Did Obama compare Trump to Hitler?

Obama makes veiled references to President Trump, invokes history of Nazi rise to power in Germany - yet story goes largely unreported.

David Rosenberg,

President Barack Obama
President Barack Obama
Reuters

Former President Barack Obama spoke at an event in Illinois earlier this week, fielding questions at a Q&A session hosted by the Economic Club of Chicago.

The event was closed to the general public, with only members of the club and their guests permitted to participate. Some 2,800 people attended the event, held at the Chicago Hilton.

The appearance, one of many by the former president since he left office on January 20th, drew little media attention, despite veiled references to Obama’s successor, President Donald Trump, seemingly comparing him to Adolf Hitler.

The sole first-hand account of the former president’s comments comes from a local weekly, Crain’s Chicago Business.

According to the report by Crain’s, Obama made the “jaw-dropping bottom line” intimating that President Donald Trump’s rise to power had similarities with the rise of the Nazi party in Germany in the early 1930s.

While the question and answer session largely steered clear from bombastic rhetoric, including discussions on issues ranging from combating the Ebola virus to lighthearted questions, like Obama’s favorite superhero, the former president drew closed with references to the rise of Nazi Germany, and argued that the demise of the Weimar Republic in the 1930s and the takeover by Adolf Hitler resonated to today, teaching Americans the importance of ‘paying attention and voting’.

Though Obama never named President Trump during the appearance, Crain’s writer Greg Hinz, who attended the event, says Obama’s warning appeared to be a veiled reference to his successor.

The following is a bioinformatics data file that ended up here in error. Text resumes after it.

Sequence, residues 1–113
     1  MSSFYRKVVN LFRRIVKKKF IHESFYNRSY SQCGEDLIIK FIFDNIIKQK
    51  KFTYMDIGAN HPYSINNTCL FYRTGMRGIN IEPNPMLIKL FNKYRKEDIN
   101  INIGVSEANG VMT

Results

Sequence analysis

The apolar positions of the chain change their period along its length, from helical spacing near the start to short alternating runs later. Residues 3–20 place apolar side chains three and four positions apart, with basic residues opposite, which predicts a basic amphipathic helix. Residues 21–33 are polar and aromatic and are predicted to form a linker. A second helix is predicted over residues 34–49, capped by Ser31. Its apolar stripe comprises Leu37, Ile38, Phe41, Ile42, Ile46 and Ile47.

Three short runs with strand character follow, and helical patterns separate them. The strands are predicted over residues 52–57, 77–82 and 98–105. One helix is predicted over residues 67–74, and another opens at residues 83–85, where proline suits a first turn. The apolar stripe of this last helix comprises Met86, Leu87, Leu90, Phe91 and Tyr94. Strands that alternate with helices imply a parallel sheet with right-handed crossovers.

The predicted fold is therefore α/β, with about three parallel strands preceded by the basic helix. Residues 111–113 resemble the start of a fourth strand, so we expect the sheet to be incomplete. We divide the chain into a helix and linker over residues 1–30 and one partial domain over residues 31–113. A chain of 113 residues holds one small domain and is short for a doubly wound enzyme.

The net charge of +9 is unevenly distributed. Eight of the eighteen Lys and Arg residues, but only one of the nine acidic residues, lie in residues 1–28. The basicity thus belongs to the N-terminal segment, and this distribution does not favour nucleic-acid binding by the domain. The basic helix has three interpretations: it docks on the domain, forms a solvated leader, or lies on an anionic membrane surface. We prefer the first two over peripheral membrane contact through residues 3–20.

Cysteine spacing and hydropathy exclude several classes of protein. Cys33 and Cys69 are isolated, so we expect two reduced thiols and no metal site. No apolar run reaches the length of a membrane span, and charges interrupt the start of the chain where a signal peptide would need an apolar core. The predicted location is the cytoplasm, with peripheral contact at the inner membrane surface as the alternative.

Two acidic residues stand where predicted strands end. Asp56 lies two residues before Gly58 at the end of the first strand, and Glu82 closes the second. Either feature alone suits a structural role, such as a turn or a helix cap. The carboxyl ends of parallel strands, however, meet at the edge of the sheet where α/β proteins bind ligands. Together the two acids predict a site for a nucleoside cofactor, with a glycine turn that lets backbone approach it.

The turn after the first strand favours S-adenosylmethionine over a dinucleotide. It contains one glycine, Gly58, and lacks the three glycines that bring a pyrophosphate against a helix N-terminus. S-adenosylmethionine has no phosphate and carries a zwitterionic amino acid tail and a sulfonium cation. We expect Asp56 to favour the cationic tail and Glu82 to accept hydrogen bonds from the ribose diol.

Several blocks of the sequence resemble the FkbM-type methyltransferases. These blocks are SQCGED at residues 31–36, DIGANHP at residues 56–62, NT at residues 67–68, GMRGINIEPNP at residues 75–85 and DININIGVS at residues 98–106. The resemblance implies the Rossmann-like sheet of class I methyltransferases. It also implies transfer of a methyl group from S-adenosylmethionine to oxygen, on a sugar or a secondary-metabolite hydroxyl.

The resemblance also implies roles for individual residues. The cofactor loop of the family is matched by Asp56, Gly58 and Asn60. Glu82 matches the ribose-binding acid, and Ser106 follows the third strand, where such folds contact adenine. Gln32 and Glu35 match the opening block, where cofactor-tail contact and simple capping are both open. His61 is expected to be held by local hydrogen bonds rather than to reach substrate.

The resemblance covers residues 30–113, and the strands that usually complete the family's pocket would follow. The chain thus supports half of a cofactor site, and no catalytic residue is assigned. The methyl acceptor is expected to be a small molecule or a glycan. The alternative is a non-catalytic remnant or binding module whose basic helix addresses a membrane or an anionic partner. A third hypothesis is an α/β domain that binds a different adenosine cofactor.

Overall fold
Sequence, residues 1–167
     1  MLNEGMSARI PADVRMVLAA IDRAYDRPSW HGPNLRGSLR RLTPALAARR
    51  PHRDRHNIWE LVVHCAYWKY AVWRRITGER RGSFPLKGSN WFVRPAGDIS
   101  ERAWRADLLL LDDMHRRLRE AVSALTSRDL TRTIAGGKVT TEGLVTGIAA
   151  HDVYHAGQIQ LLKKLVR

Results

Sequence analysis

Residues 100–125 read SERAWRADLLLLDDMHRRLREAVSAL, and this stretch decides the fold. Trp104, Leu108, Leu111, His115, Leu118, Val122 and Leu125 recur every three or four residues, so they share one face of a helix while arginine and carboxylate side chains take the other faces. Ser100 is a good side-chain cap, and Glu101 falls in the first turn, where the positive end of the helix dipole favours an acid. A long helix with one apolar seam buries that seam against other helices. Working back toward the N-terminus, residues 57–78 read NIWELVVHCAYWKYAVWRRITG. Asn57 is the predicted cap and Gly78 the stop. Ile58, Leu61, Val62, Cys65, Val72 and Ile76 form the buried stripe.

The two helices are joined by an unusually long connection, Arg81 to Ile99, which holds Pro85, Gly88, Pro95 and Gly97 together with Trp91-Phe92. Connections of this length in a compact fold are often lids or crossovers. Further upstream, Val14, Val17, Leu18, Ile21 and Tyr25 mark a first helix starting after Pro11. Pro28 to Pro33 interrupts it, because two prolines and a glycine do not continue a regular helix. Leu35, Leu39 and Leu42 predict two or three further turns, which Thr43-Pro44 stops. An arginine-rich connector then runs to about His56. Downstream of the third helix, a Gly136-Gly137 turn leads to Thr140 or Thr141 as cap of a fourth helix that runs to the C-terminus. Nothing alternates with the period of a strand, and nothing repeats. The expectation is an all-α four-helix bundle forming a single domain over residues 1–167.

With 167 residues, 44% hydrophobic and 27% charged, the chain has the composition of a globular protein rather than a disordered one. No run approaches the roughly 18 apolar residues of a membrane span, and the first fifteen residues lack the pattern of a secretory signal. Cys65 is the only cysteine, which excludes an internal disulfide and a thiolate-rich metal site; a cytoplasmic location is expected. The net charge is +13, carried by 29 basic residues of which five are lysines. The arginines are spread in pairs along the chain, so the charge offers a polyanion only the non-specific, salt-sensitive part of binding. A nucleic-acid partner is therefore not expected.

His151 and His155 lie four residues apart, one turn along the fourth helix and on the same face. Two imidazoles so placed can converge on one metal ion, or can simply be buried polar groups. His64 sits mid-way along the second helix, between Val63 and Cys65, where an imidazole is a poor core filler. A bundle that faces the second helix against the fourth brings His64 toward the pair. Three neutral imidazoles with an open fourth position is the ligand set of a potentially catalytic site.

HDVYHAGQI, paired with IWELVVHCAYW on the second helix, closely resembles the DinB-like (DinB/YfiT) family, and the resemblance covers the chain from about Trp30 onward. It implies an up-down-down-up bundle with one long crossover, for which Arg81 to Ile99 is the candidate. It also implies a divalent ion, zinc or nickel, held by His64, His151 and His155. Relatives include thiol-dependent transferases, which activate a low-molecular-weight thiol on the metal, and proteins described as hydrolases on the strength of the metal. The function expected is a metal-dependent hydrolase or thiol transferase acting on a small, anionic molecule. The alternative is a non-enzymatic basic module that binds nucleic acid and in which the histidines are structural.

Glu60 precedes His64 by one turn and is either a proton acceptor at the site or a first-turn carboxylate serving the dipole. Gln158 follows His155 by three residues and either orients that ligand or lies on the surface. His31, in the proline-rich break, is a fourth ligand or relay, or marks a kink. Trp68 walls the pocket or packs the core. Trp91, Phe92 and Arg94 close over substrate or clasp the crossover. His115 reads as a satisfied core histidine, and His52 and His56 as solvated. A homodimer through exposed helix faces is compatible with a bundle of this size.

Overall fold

Obama warned of the rise of ‘nativist mistrust’, as mass migration and globalization put people in contact with foreign cultures.

“People didn’t [used to] challenge your assumptions,” said Obama. “Nothing feels solid,” anymore, and “sadly, there’s something in us that looks for simple answers when we’re agitated.”

The former president warned of executive challenges to the freedom of the press, denouncing the ‘tough times’ of President Nixon and Senator Joe McCarthy.

There is today in America, Obama continued, “a grow[ing] complacent, [feeling]”.

“We have to tend to this garden of democracy or else things could fall apart quickly."

“That's what happened in Germany in the 1930s which, despite the democracy of the Weimar Republic and centuries of high-level cultural and scientific achievements, Adolf Hitler rose to dominate.”

“Sixty million people died,” Obama added. “So, you've got to pay attention. And vote.”

Despite the apparent incendiary comparison between a sitting American president and the deceased German dictator, Obama’s comments were largely ignored by major American media outlets.


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